Released earlier this month, Chappelle’s latest special The Closer was met with criticism for mocking trans people. In it, the stand-up comedians says that he is “team TERF” (trans-exclusionary radical feminist) and claims that the LGBTQ+ community are trying to destroy the lives of celebrities such as JK Rowling by “cancelling” them.
Netflix CEO Ted Sarandos originally defended the comic in a memo sent to staff last week, saying that artistic freedom allowed for “a very different standard of speech” than was allowed internally at the company.
Now, Variety reports that another email was sent to the company on Monday (11 October) comparing the backlash to The Closer to Netflix’s controversial film 365 Days, in that neither would allegedly have a real-world impact.
“With The Closer, we understand that the concern is not about offensive-to-some content but titles which could increase real world harm (such as further marginalising already marginalised groups, hate, violence etc),” Sarandos wrote.
“While some employees disagree, we have a strong belief that content on screen doesn’t directly translate to real-world harm… Adults can watch violence, assault and abuse – or enjoy shocking stand-up comedy – without it causing them to harm others.”
Sarandos’s comments were widely condemned online, with many pointing out that Netflix’s 2020 documentary Disclosure suggested that transphobic content does, in fact, affect the real lives of trans people.
“If only Sarandos had access to a documentary called Disclosure that makes a very convincing argument about the many ways content has translated to real-world harm for the trans community,” TV critic Alan Sepinwall wrote. “It’s on… [checks notes] …Netflix.”
Another tweet read: “Like the article shows, there are studies and statistics that show content (specifically content on netflix) has a direct impact on real world consequences/harm. As a (co-)CEO how can you say or believe this unironically? How can you be *that* clueless about your own content?”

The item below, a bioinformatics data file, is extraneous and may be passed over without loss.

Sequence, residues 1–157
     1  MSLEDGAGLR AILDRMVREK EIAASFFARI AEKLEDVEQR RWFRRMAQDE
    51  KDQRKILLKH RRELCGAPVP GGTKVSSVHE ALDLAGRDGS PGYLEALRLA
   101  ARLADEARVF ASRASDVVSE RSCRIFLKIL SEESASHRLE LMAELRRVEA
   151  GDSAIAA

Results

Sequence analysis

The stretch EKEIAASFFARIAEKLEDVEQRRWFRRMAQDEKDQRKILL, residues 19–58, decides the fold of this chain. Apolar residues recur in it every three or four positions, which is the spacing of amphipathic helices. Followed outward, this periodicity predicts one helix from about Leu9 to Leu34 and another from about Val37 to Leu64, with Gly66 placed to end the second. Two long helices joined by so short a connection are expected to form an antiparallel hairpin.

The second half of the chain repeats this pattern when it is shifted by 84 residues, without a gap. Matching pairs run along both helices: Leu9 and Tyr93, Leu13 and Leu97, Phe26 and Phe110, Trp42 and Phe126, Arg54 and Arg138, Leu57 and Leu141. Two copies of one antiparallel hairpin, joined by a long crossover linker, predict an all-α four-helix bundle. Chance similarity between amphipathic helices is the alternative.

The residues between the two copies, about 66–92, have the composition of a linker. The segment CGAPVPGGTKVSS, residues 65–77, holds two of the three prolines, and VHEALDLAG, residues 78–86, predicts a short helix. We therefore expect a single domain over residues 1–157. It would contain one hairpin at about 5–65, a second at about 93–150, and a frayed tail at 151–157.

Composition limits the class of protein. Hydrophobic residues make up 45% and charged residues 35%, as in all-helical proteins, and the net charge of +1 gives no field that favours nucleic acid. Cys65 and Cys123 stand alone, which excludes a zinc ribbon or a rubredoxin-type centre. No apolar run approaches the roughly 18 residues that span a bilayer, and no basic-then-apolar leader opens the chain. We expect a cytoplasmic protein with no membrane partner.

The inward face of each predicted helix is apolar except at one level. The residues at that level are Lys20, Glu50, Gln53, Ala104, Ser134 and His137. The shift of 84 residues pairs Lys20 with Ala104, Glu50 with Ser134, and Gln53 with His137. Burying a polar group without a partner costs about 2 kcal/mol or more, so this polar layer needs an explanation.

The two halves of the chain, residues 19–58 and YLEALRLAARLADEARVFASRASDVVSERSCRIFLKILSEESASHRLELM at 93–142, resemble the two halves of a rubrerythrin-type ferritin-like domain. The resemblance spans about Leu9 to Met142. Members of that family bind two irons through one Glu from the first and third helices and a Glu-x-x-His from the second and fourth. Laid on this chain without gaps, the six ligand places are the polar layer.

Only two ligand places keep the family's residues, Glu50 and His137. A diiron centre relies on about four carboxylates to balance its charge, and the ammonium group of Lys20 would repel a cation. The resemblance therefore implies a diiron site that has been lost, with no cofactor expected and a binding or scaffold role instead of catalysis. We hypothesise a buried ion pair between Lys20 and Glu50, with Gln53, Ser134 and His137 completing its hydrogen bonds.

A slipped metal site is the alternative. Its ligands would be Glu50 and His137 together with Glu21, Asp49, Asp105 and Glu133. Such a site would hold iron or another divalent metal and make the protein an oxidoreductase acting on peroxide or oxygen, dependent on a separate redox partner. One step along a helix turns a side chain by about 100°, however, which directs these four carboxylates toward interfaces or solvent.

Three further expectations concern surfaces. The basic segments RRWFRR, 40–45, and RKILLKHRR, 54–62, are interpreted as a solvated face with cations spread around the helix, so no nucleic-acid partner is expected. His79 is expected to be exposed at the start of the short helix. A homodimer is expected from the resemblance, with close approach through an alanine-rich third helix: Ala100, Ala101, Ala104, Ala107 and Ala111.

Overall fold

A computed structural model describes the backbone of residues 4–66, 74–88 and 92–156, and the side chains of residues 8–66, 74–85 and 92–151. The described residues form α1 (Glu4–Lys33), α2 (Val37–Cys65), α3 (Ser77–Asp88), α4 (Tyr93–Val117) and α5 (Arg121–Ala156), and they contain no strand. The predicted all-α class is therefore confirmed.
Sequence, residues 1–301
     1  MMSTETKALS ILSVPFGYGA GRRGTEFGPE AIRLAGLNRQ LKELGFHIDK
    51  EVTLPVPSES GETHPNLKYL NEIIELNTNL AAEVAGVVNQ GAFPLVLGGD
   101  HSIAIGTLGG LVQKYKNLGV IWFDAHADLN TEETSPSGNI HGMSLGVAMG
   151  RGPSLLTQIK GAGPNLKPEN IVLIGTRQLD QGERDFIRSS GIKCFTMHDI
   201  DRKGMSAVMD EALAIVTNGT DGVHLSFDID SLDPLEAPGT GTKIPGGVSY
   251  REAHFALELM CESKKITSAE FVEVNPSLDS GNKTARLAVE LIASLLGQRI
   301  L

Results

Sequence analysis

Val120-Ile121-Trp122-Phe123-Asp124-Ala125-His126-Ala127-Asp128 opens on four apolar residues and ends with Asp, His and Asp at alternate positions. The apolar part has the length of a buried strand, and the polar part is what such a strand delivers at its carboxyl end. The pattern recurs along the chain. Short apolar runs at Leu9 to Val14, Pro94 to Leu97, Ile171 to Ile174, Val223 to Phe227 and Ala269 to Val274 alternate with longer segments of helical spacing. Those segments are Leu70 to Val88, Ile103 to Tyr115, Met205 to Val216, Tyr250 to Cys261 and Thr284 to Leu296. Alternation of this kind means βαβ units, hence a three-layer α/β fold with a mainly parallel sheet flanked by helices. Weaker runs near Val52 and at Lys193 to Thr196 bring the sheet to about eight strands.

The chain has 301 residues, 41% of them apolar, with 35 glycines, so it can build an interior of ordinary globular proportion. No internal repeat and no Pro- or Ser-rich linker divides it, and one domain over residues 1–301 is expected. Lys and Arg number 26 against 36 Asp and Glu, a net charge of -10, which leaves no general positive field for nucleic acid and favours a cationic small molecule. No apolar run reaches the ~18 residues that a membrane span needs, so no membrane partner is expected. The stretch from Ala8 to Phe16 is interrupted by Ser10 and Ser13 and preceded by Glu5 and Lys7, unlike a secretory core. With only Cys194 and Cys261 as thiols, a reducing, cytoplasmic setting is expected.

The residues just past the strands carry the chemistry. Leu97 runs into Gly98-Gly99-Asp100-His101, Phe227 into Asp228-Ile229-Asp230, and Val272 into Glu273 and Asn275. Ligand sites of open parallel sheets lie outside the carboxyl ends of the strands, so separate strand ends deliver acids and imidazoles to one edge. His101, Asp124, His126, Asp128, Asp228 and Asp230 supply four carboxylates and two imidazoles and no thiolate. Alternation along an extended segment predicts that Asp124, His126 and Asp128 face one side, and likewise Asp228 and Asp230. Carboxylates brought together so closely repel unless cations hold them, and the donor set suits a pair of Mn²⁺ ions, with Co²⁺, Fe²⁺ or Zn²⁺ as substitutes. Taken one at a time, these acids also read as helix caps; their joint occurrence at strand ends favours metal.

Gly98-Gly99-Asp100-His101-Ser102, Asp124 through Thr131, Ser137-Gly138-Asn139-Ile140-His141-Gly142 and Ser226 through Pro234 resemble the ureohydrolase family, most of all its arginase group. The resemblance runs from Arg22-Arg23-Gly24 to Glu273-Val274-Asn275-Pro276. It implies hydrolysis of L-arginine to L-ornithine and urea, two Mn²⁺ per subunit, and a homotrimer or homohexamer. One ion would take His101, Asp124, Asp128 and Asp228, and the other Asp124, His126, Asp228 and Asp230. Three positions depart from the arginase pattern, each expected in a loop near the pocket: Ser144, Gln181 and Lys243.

“I really wish Ted Sarandos would watch Disclosure, a documentary that Netflix distributes, that demonstrates and proves the exact opposite of what he’s saying here,” one commenter wrote.
This point was echoed by the organisation GLAAD, which monitors defamatory coverage of queer people in the media, who said: “Film and TV have also been filled with stereotypes and misinformation about us for decades, leading to real world harm, especially for trans people and LGBTQ people of colour. Ironically, the documentary Disclosure on Netflix demonstrates this quite clearly.”
Sarandos was also accused of hypocrisy, given that Netflix removed an episode of comedian Hasan Minhaj’s series Patriot Act from their Saudi Arabian platform in 2019. The episode was critical of the country’s government in the wake of the death of journalist Jamal Khashoggi.
“Then why did Netflix remove Hasan Minhaj’s Patriot Act episode about Saudi Arabia since you believe it’s ok for content to expose issues that are uncomfortable?” comedian Mohanad Elshieky tweeted.
The Independent has contacted Netflix for comment.